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Aztec and Maya civilizations are household names – but it's the Olmecs who are the 'mother culture' of ancient Mesoamerica

Karl Taube, Distinguished Professor of Anthropology, University of California, Riverside, The Conversation on

Published in News & Features

An extremely important 1-ton sculpture, sometimes referred to by archaeologists as an “Earth Monster” or Monument 9, was repatriated to Mexico from a private collection in Colorado in May 2023, according to an announcement from Mexico’s Consul General in New York. The monument features the head of a front-facing creature with a gaping mouth: a supernatural being that represented the living, animate earth to an ancient culture in Central America and Mexico.

This sculpture was reportedly found at the base of a hill at Chalcatzingo, an archaeological site some 80 miles (130 kilometers) south of Mexico City, and dates to roughly 600 B.C. Chalcatzingo is closely related to Olmec culture, one of the earliest in ancient Mesoamerica.

I am an archaeologist specializing in Mesoamerica: an area that encompassed present-day southern Mexico, parts of Costa Rica and all of Guatemala, Belize, Honduras, El Salvador and Nicaragua. I have visited Chalcatzingo many times while researching the development of this rich cultural region.

Many scholars regard the Olmec as the “mother culture” of ancient Mesoamerica, a civilization where particular types of monumental architecture, sculpture and gods originated. Among the later Maya, for example, the gods of wind, rain and corn – or more precisely, maize – are clearly derived from the earlier Olmec culture.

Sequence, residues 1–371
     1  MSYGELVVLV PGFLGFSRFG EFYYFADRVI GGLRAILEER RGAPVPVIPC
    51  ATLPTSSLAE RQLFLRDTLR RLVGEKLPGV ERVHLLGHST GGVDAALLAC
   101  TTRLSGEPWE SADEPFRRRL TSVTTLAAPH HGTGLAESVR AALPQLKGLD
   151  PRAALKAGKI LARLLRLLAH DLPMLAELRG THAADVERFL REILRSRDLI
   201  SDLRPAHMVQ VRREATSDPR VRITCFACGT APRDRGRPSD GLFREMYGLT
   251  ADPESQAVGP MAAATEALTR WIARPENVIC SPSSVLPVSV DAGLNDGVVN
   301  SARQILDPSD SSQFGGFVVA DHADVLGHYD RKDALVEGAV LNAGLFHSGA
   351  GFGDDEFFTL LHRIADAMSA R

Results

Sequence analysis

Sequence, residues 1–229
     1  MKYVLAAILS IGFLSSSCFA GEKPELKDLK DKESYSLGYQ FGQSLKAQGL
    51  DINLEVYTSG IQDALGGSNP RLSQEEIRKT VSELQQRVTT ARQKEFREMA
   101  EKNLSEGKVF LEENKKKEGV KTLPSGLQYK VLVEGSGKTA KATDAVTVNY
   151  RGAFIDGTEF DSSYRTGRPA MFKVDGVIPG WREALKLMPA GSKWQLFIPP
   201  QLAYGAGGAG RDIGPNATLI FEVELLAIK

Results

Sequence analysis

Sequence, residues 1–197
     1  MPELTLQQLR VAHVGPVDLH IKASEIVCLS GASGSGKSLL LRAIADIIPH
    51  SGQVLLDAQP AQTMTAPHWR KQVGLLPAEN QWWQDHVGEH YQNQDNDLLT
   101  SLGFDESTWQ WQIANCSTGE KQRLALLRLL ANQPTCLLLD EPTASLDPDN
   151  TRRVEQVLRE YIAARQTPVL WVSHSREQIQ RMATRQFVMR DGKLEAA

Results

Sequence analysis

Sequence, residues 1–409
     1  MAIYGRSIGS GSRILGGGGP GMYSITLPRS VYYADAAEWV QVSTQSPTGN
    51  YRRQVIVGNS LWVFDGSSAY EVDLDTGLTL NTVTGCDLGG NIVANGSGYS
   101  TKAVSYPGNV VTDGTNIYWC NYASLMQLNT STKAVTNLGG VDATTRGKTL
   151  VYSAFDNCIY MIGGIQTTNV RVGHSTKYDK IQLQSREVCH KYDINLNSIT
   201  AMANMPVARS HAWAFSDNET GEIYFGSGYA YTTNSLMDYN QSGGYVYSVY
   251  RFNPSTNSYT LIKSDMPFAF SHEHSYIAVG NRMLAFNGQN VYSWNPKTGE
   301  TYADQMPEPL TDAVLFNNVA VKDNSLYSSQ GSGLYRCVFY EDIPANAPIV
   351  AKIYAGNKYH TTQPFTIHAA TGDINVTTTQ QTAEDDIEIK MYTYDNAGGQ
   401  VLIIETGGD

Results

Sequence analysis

The Olmec heartland was in what are now the Mexican states of Tabasco and southern Veracruz, along the southern coast of the Gulf of Mexico. Much of their influence was based on economic wealth from corn.

Of Olmec art that has survived the centuries, their carved heads are particularly striking and well known. By 1000 B.C., Olmec sculptors at San Lorenzo, Mexico, had fashioned no fewer than 10 colossal heads, all over 6 feet high. Archaeologists believe these are individualized portraits of rulers, each with their own specific headdress: depictions of specific people, which is quite rare in New World art.


The Olmecs were also masters in the carving of jade. I was involved in locating the original Olmec and Maya jadeite sources in highland eastern Guatemala, found in stone outcrops often located about 6,000 feet above sea level.

Artisans beginning around 900 B.C. carved life-size jade masks that almost look like molded plastic, but which must have been the result of a laborious process to grind and polish this extremely hard, dense stone.

All Olmec sculpture was created for a purpose, whether it be religious or political. In the case of Monument 9, it clearly pertains to the Earth, which in Mesoamerica was considered a sacred, living being.

The Olmecs existed at a time when maize agriculture had first developed, which stabilized and increased their economy – a transformative shift in the development of Mesoamerican civilization.


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